Flour Tortillas, Tortillas De Harina
Tortillas de harina, wheat flour tortillas, have many variants along the Rio Grande and the US-Mexico borderlands. They are fluffy and pliant in the south Texas, northeastern Mexico region, while in Sonora they are super thin, almost translucent. New Mexico has its own delicious tortillas de harina, as does arizona and, of course, California. Each type is a special wheat flour delicacy. Let’s not argue about false “authenticity” questions that pit corn tortillas against flour. Families switch back and forth between these and corn tortillas, depending on the dish that accompanies the tortillas.
We always use a dash of baking powder, which makes ours different from wheat flour tortillas in other regions of Mexican cuisine. After listening for many years to heated debates about whether or not to put baking powder in wheat flour tortillas, I have come to believe that the debate is fundamentally about whether one understands that Texas Mexican exists as its own cuisine and it is not an attempt to emulate other regions where Mexican cuisine also thrives. You can decide for yourself, given the long history of food in our Texas Mexican region.
These tortillas are what I grew up eating. That’s the way they are done in San Antonio, Uvalde, Raymondvile, Corpus Christi, and all the way down to McAllen, Harlingen, Del Rio, Brownsville and a bit south of the Rio Grande. If you travel farther south of the Rio Grande, you will see the tortillas thinner, not fluffy, and with more fat.
I use a food processor because it is so much faster and you don’t have to touch the boiling water. I give precise timing in this recipe because I’ve tested the procedure and it works well. However, there are so many variables to working with wheat flour that you will have to be attentive and find your way through the process.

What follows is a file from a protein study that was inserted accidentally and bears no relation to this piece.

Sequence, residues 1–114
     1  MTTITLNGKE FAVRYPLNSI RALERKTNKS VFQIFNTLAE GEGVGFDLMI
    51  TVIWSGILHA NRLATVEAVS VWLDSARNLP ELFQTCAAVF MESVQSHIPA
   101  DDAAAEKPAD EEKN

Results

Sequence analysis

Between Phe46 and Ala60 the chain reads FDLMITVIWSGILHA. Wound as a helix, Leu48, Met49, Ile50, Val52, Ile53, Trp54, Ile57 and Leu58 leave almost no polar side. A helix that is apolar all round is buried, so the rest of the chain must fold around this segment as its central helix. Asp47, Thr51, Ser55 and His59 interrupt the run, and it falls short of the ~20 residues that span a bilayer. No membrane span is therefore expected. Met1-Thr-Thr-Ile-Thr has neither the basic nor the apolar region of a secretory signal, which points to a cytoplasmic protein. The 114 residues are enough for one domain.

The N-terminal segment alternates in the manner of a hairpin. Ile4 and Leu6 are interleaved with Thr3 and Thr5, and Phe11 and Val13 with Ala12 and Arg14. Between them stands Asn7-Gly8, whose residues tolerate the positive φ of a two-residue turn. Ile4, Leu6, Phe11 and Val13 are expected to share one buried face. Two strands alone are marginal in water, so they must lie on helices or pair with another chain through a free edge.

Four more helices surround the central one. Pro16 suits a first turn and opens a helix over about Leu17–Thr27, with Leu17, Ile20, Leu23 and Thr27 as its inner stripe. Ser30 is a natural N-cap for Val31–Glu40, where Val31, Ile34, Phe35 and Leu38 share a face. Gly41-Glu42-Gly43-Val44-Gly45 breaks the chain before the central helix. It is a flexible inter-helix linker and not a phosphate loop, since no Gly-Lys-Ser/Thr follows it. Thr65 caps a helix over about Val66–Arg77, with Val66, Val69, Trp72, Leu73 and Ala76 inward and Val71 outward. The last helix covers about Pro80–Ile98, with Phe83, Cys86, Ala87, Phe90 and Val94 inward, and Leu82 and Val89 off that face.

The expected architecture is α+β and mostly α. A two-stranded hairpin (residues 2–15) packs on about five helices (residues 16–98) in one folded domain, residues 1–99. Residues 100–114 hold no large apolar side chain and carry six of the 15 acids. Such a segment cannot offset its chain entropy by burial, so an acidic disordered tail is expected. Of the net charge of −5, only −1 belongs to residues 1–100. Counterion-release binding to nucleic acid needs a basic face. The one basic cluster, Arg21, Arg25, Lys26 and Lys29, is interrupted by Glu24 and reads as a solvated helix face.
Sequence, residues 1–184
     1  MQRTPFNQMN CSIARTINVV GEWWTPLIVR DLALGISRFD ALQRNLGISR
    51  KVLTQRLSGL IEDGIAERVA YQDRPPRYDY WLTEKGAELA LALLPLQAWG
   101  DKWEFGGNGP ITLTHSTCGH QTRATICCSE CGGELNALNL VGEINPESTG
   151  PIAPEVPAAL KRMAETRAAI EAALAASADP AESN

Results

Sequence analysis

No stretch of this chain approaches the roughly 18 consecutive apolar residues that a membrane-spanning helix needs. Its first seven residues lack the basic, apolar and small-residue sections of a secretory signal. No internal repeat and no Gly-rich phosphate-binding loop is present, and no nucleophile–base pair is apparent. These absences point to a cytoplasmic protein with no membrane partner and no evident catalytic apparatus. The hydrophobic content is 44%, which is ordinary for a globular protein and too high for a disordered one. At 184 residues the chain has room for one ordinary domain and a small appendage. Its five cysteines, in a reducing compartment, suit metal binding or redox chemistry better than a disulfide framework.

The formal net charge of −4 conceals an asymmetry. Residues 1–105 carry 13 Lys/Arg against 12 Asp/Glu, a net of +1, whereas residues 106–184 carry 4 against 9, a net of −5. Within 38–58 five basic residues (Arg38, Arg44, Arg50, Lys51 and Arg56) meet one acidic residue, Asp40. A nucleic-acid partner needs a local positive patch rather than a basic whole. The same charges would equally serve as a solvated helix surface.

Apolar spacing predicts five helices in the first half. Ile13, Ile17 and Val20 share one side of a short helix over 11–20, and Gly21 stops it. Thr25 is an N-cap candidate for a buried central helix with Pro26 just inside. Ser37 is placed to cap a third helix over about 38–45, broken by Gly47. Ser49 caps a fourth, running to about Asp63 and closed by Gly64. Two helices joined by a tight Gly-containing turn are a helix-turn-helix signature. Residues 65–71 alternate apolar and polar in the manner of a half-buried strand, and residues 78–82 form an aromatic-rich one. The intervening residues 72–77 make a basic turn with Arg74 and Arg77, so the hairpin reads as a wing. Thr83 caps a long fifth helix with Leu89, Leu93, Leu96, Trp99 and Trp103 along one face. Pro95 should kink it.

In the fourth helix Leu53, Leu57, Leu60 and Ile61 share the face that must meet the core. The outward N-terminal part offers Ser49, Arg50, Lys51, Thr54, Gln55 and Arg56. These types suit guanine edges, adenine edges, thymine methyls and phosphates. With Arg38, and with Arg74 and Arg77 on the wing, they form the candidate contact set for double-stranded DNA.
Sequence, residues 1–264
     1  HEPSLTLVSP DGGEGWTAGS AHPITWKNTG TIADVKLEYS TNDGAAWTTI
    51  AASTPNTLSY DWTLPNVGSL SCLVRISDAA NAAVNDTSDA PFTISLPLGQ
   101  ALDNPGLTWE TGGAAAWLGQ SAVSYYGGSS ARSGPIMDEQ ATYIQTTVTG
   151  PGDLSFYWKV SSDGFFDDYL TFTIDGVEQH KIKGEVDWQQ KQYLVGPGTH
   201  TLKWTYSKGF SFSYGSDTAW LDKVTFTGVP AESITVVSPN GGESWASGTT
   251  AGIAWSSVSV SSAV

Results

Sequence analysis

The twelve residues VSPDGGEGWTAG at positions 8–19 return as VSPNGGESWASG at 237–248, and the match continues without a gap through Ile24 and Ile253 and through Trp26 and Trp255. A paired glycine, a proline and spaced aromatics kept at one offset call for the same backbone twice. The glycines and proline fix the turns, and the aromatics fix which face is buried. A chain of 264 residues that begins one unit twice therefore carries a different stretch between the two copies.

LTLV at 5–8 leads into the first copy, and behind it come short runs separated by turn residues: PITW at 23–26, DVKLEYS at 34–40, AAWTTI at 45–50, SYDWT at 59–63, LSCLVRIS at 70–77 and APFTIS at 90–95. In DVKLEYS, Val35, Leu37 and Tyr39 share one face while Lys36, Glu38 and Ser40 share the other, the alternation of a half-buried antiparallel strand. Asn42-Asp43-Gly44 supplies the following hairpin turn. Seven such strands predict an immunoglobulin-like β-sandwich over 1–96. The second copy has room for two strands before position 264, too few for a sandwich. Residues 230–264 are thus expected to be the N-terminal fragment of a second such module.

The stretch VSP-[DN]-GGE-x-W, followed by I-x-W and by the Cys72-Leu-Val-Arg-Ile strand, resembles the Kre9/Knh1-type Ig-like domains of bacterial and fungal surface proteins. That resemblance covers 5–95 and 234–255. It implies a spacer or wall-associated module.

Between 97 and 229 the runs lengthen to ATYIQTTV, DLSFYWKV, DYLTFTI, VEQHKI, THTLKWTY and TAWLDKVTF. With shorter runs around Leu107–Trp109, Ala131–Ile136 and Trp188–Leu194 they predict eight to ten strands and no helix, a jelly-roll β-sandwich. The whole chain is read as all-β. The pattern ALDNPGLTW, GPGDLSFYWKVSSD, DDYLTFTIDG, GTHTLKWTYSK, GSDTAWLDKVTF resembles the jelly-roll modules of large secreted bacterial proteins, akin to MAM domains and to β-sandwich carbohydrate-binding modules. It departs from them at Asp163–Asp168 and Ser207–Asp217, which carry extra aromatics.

There are four things to keep in mind. First, use boiling water, it makes for a soft tortilla. Second, knead until the dough has a slight sheen. Third, let the dough rest after kneading it. And fourth, make a “testal,” by rotating a ball of dough with your hands while pinching the edges and folding them under to fashion a little round pillow that has an indentation on the underside. The word “testal” is from the Nahuatl word, “Téxtatl” and refers originally to the ball of corn masa that is used to make corn tortillas.
I hope you will find the learning process worthwhile because these tortillas are really wonderfully soft and delicious.
Recipe for Flour Tortillas, Tortillas De Harina
This recipe is excerpted from the book: “Truly Texas Mexican: A Native Culinary Heritage In Recipes” published by Texas Tech University Press
Ingredients (makes 1-1/2 dozen)
4 cups all-purpose wheat flour
1-1/2 teaspoons salt
1/2 teaspoon baking powder
1/2 cup palm oil shortening or other shortening with no trans-fats. This can be lard, if the lard has no additives nor trans-fats.
1 cup boiling water
1. In a food processor, with the blade attachment, place the dry ingredients and pulse a couple of times.
2. Add the shortening and process until the shortening is completely blended, or about 10 seconds. There will be no granules, but if you squeeze the flour between your fingers, it will stick together.
3. Process again and as you do so, add the boiling water slowly until the flour forms a ball of dough. This will take about 20 seconds.
4. Place the dough in a bowl or cutting board and knead it with gusto for 6 minutes until it is shiny and definitely elastic. Set it aside to rest, covered, for 20 minutes.
5. Divide the dough into 18 balls. Form each ball into a “testal,” a little round pillow with an indentation in the middle as described above. The indentation in the middle and the fat edges will make rolling a snap.
6. Use a “palote”, rolling pin, to roll each round tortilla to a thickness of 1/8 inch.
7. Heat a comal (griddle), ungreased, on high heat, 400°F–450°F. Place a tortilla on the comal and cook for 30 seconds. Turn it over and cook another 30 seconds. It will puff up.
Turn yet again and cook each side another 20–30 seconds. Make sure that the tortilla is completely cooked. We do not eat raw or under-cooked dough.
I eat these straight off the comal, sometimes with just a small dab of butter. My childhood and teenage years rise up as anchoring memories in my palate.